Scientists have had positive results from a laboratory-based study using a well-known alcohol aversion drug to try to combat chemotherapy resistance in the most common type of lung cancer, non-small cell lung cancer (NSCLC). The findings from the scientists at Trinity College Dublin and St James’s Hospital have been published in the leading international journal Oncotarget.
Chemotherapy forms the backbone of many treatment plans for lung cancer patients, however, treatment resistance has become a significant clinical challenge. While chemotherapy kills the majority of tumour cells within a tumour, some types of cancer cells, called cancer stem cells, continue to grow and divide and contribute to the development of drug resistance. This results in tumour recurrence or secondary tumours which often prove fatal.
The scientists from the Trinity Translational Medicine Institute at St James’s Hospital, in collaboration with the Cancer Stem Cell Group, Coombe Hospital, found that lung cancer cells that have high levels of ALDH activity, a recently identified marker of cancer stem cells became resistant to chemotherapy. This induces the growth and expansion of a drug-resistant population of lung cancer cells, allowing the cancer cells to survive the effects of treatment. These findings may help explain why a large number of lung cancer patients receiving this type of chemotherapy eventually relapse resulting in progression of their disease.
The FDA-approved alcohol aversion drug Disulfiram (Antabuse), which has been used to treat alcohol addiction for over sixty years, works against ALDH by restricting its activity. Upon alcohol consumption, it prevents the body from metabolising alcohol and makes the person feel sick. When it comes to cancer cells, the drug was found to be effective in inhibiting the activity of ALDH, which resulted in decreased tumour cell growth and increased killing of lung cancer stem cells. The research team at Trinity and St James’s found that the alcohol aversion drug Disulfiram in combination with chemotherapy, was significantly more effective in killing drug resistant lung cancer stem cells compared to treatment with the chemotherapy alone.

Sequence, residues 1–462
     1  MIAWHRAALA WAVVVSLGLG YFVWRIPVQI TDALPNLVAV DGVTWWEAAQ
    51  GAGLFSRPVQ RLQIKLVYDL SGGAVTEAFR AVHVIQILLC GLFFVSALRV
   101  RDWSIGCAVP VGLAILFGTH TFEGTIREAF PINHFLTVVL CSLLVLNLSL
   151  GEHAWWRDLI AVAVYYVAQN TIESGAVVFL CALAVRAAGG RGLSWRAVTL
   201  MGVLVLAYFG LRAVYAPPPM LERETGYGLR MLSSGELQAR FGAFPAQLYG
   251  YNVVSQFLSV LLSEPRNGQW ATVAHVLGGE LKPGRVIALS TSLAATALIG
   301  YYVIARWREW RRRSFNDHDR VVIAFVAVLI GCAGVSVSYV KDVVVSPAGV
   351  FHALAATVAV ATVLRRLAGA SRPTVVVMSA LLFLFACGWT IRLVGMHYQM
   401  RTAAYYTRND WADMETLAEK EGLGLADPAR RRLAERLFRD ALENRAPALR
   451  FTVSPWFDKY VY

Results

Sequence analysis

Dr Martin Barr, Adjunct Assistant Professor and a lead investigator in the Thoracic Oncology Research Group, St James's Hospital and Trinity said: “Disulfiram is an already approved drug with well tolerated side effects which can be taken orally. Its potential use may give chemotherapeutic drugs such as cisplatin, a new lease of life in the treatment of resistant lung tumours. We believe that our research findings show that this is a really important option that warrants further investigation and clinical testing. ”
An alternative approach to seeking new drug treatments for cancer is not to start with molecular targets, but to assess those drugs approved for other therapeutic uses which show some evidence of anti-cancer activity. This is the field of drug repurposing in oncology and there is now an increasing interest in the use of non-cancer drugs as anti-cancer therapeutics.
“The development of novel anti-cancer drugs against various malignant tumours is both time-consuming and expensive and involves pre-clinical and clinical testing. Finding new uses for existing drugs, otherwise known as ‘repurposing’, may allow for new uses of an old drug that may lead to the discovery of new treatments. Such repurposing is a proven short cut between the research laboratory and the clinic,” said Dr Lauren MacDonagh who carried out this study as part of her PhD at Trinity College Dublin.
Source: Trinity College Dublin